Mondesi’s Return to Lineup Brings a Round of Applause


Raul Mondesi returned to Dodger Stadium on Sunday to face the fallout from his recent arrest for driving under the influence of alcohol.

He returned to the lineup a day after team officials prohibited him from playing because of his arrest and detention early Saturday morning at the Glendale city jail. But the center fielder’s experience wasn’t as difficult as it could have been.

He was offered encouragement from teammates and coaches, and he wasn’t verbally abused by fans during the Dodgers’ 3-2, 12-inning loss to the Colorado Rockies. That might not seem like much, but it was significant for the guy in the spotlight.

“It was good to be back with my teammates,” said Mondesi, who was hitless in four at-bats. “They talked to me and [gave] me support, and they’re trying to help me.


“The fans. . . . the fans were good. Everything helped me today.”

His teammates in particular.

The Dodgers have become accustomed to rallying around their own during each unsettling event during their difficult season. They haven’t had much practice with Mondesi’s problem--but they’re quick learners.

“Part of being a team is letting your teammates lean on you when they need to, so you have to be there for him at a time like this,” outfielder Gary Sheffield said. “You have to let him and his family know that there are people out there who want to help.


“In a situation like this, that’s important. You’re not talking about right or wrong, you’re just talking about being there to pick him up.”

Manager Bill Russell hasn’t wavered in his support for Mondesi.

“He made a mistake and he feels bad about what’s happened,” said Russell, who is trying to hold the embattled Dodgers together.

“He’s a big part of this team and he’s a leader on the field. Everyone knows that there’s been a lot going on, but that’s just the way it is, and we have to keep our focus.”


Mondesi is scheduled to be arraigned July 8 in Glendale municipal court, according to Mondesi’s attorney, Myles Berman. The Glendale office of the district attorney has until the arraignment to file charges.

Mondesi was given a blood-alcohol test after being pulled over, which determined his blood-alcohol level to be 0.083%. The legal limit for driving in California is 0.08%.

Mondesi declined to discuss specifics Sunday about the incident, but in conjunction with Jeffrey Moorad, who represents Mondesi in baseball-related matters, a statement was released expressing his regret about the allegations.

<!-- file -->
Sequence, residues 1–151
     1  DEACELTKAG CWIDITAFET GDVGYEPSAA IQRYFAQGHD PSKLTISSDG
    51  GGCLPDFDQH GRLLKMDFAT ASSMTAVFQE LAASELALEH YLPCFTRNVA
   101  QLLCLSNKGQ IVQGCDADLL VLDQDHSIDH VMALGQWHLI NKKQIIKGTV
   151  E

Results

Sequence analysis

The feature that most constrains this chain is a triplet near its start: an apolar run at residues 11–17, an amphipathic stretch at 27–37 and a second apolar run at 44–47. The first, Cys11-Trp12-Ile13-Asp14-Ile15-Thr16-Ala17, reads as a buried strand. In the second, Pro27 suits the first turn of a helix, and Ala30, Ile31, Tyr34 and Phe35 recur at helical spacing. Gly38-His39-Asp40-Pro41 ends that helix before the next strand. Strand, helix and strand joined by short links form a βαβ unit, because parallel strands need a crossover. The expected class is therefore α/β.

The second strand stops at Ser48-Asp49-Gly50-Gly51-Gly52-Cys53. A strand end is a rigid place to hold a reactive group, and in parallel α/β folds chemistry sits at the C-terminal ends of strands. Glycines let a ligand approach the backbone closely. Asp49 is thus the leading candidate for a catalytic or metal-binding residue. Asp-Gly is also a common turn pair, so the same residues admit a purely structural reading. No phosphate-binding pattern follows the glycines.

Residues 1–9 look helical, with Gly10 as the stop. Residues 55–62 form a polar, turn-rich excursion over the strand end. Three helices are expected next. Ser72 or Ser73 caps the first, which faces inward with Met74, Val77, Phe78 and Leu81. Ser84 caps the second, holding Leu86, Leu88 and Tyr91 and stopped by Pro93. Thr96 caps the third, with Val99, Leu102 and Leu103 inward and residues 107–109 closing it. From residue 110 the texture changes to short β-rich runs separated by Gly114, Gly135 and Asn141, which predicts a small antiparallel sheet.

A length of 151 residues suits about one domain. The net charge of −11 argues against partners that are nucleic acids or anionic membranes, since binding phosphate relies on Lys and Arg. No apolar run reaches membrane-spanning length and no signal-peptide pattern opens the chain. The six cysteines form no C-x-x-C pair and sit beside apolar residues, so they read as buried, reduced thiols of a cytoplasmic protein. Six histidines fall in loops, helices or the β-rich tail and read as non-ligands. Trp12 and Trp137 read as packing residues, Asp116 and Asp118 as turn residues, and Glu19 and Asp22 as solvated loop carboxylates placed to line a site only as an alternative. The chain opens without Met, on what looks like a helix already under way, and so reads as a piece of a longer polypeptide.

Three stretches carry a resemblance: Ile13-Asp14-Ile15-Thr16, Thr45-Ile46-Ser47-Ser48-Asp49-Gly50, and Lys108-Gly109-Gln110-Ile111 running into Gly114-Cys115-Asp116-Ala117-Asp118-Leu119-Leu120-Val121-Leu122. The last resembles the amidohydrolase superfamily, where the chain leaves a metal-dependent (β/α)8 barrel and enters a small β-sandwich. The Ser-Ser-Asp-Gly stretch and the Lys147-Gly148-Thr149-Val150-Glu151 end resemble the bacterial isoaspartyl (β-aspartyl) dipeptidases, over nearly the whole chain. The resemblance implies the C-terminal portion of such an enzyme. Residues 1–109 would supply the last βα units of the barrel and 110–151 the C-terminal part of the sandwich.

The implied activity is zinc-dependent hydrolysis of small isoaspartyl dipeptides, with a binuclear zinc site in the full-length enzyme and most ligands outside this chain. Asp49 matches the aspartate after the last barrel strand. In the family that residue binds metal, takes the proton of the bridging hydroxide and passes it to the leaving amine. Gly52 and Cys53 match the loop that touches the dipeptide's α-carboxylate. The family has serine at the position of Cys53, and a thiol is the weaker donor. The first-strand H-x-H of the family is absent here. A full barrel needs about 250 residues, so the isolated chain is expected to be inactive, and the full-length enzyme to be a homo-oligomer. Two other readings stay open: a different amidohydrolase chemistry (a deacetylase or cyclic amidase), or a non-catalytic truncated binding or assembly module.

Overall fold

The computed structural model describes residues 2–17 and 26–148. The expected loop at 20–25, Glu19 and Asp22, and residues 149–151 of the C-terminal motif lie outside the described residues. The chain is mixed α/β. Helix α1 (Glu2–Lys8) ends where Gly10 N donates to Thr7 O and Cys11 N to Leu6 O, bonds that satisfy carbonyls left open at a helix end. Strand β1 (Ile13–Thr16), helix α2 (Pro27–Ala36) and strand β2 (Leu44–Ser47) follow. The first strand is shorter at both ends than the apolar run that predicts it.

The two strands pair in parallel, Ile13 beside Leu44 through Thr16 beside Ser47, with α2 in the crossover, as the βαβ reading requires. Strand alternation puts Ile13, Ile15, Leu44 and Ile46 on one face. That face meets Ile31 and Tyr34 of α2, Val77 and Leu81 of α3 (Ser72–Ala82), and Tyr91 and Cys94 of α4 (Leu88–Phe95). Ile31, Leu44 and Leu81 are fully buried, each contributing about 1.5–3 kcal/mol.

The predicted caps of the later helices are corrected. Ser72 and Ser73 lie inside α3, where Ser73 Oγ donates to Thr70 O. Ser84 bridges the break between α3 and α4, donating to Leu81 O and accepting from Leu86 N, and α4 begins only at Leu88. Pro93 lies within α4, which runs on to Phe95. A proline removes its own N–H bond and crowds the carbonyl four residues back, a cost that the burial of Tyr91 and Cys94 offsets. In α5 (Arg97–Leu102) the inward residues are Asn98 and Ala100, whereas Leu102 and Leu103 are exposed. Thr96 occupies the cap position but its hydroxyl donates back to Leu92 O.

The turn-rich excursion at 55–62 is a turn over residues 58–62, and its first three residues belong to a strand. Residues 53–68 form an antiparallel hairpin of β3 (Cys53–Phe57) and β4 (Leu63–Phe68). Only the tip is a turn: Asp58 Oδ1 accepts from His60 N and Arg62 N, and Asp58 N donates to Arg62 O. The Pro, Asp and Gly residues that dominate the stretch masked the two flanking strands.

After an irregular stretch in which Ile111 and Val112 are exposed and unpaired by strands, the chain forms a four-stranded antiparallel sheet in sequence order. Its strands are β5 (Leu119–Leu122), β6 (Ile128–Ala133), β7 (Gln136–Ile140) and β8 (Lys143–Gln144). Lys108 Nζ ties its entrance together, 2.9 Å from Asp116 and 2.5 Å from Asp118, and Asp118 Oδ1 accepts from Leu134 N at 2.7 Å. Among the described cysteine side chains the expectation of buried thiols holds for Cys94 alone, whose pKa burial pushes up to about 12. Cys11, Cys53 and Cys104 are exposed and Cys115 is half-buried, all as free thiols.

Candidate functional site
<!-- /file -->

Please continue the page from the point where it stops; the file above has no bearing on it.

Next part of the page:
“I want the Dodger fans to know that I take my responsibility as a role model very seriously,” the statement read. “Therefore, I am understandably concerned about the seriousness of the allegations. I regret the impact that this incident has had on the fans.”


The Dodgers also declined to comment, but Fred Claire, executive vice president, issued a statement to clarify the club’s position.

“I met with Raul today, and I know he understands the seriousness of the allegations that have been brought against him and the responsibility that he has to the Dodger organization, his teammates and the fans,” Claire’s statement read. “Raul, like any individual, is entitled to exercise the rights accorded to him by the legal process.

“Although Raul was examined and found physically fit to play in [Saturday’s] game, we withheld him from the game because we were concerned about his well-being after undergoing a difficult experience.”

While major league baseball’s drug policy has evolved over the years through the cooperative efforts of the players union and the commissioner’s office, the policy regarding alcohol use is less clear and normally rests with each organization’s employee-assistance program.


It is expected that the Mondesi incident will be allowed to play out in court, and unlikely that it would result in a suspension, said Eugene Orza, associate general counsel of the players union.

“Ordinarily, the player isn’t subjected to any disciplinary action,” Orza said. “If the club feels they’d like to have the player evaluated, they can make a request through the [player relations committee].”

The player relations committee and union have a procedure in which representatives of the union, the committee and their medical representatives would evaluate the player. However, his availability to the club would only be effected, Orza said, if it was determined that he had a chronic problem.



Times Staff Writer Ross Newhan contributed to this story.